Panasonic eneloop Battery Review

Panasonic eneloop Battery Review

Panasonic eneloop Battery Review

I'm going to cut to the chase here. If you aren't using eneloop batteries, you should be. Go order some now. Seriously.

Why? I have 2,100 reasons for you: that's how many regular alkaline batteries just ONE eneloop replaces.

You read that right, one rechargeable eneloop is the equivalent of 2,100 batteries.


They Save you a TON of Money

Yes, an eneloop AA will set you back $4.75 each and an alkaline will only cost you around $0.80 each.

But since each eneloop AA is worth 2,100 batteries, the equivalent lifetime cost in alkalines is $1,680.00.

That saves you $1,675 over the life of the one battery...now, multiply that by all the batteries you use in the house...the savings is real.

BTW If you buy anything from the links we provide on this page we might get a small percentage of the sale. For more info click here.


Rechargeable Batteries That Actually WORK

eneloop batteries aren't like those crappy old NiCd rechargeable ones from a few years ago that sucked. They work the way you expect them to.

In nearly all instances eneloop batteries perform in exactly the same ways as alkalines do and can be used in all the same types of devices.

They come pre-charged out of the box, and can hold up to 70% of their charge even after sitting on a shelf for 5 years.

Charge them up then forget about them until you need them.

Recharge eneleoops at any time at any stage of depletion because there is no memory effect, meaning you don't need to fully discharge before recharging.

We switched completely over to eneloop batteries about 6 years ago, and have used them in nearly every type of device you would expect and have found that they last just as long (between charges) as alkaline batteries do.


AA, AAA, D or C

eneloop batteries come in 2 sizes: AA and AAA, but you can buy "spacers" that essentially covert them into C and D sized batteries.

We've used the spacers over the years as well, and found them to work just as you expect them to. I'm sure the overall energy capacity is lower with the eneloops over the C and D alkaline equivalents, so you will have to swap out the batteries more often, but since you are using rechargeables now so who cares.


Great for Emergency Use

Now we get to the point that probably concerns most of us here...this is a site devoted to survival planning after all...using these during a natural disaster or other emergency.

We all know why batteries are a critical part of emergency preparedness, but if you want a little primer on that subject, check out our Tutorial: Prepare for Power Outages.

The first obvious upside to eneloop's is their rechargeability: you're not constantly running out the store to stock-up on batteries before the storm hits, or wondering if the last batch you bought are still charged.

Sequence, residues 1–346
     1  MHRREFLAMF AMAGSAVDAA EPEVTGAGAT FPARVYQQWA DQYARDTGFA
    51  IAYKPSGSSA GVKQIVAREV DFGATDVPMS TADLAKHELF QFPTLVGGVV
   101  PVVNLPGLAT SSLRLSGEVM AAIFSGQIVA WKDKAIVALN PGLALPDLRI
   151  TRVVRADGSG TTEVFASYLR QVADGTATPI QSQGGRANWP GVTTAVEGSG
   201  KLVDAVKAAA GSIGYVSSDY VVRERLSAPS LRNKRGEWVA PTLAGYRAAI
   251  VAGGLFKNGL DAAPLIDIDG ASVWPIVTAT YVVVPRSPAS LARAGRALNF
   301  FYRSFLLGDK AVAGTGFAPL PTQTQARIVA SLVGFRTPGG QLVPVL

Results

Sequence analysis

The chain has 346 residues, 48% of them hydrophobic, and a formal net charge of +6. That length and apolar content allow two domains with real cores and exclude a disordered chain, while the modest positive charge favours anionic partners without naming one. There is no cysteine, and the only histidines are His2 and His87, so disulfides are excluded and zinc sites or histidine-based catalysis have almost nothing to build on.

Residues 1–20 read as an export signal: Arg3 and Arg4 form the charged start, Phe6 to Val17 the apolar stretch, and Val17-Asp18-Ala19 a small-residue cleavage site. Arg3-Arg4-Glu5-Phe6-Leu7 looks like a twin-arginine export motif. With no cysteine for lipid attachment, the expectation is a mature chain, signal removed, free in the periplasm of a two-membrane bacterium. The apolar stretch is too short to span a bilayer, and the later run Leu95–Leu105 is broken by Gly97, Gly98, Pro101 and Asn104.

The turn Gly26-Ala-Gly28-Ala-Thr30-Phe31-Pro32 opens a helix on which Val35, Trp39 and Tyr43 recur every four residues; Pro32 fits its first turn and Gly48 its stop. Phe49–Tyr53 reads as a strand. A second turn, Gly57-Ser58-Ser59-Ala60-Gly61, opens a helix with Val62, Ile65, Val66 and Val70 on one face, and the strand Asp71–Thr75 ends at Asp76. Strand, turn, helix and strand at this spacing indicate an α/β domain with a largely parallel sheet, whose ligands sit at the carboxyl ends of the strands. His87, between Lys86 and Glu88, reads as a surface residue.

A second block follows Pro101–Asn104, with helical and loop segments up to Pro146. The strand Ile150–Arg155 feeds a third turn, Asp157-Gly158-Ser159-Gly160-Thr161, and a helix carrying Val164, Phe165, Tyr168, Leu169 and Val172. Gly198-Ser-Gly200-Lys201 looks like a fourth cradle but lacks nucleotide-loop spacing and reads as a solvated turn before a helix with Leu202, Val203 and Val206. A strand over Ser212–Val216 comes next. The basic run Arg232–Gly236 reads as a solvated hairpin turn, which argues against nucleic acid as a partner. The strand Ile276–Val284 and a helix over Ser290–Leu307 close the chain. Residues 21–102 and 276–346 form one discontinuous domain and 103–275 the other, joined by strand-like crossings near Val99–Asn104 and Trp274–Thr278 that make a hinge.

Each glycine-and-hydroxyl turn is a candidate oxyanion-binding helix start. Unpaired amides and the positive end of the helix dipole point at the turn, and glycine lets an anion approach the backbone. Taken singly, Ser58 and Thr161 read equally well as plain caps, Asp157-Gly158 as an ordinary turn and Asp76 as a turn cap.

You have a bunch of different ways to charge eneloops, but all of them require a charger of some sort and an energy source: solar, wall-plug, backup battery, USB.

Let's run through a couple of options.


Charging On The Go

Let's start with the type of kit you might have in a Bug Out Bag. Our preferred kit involved 4 AA, 4 AAA, a charger and a solar panel.

One all-inclusive option is the Guide 10 from Goal Zero.

The Goal Zero Guide 10 is our preferred choice for portable charging of our AA and AAA eneloops because it does multiple things, and does them well.

First and foremost of course, is it charges the eneloops. It gives us 2 ways to do that: via a solar panel, or via USB port.

With the solar port you have quite a few panel options, and Goal Zero offers a wide variety of them.

For USB charging, either plug it into a computer, wall plug, or larger backup USB battery.

The Guide 10 also has a USB charging output, so you can use it to charge up small electronics if you want.

There is also a built-in light, which comes in handy when you are fumbling around for your battery stuff in the dark. It's small but is a decent backup.


Charging at Home

The best way to keep your batteries charged up is to keep them all loose in a plastic box. When a storms coming, or you are getting yourself prepared, grab a handful of them and put them in a large multi-port charger like this one from Bonai.

You'll thank me later. Being able to top off 16 batteries at a time is the way to go, trust me. Fiddling around with the 4 port chargers is painful when you have a pile of batteries to keep up to date.


Conclusions

As I said before, you should be using these batteries. Once you've used them you won't go back to regular alkalines, it just doesn't make sense to.

Grab them on Amazon. They have starter kits with a dozen batteries and a charger, which is one way to go, but i would suggest getting the bigger charger (or one like it) mentioned earlier, and buy the packages of the batteries you need.

We started with 8 AA, then bought 8 AAA. Over the course of a year we bought a few dozen more of each since we liked them so much. Don't go nuts, but we think you'll make the switch once you've given these a try.

Printer Friendly and PDF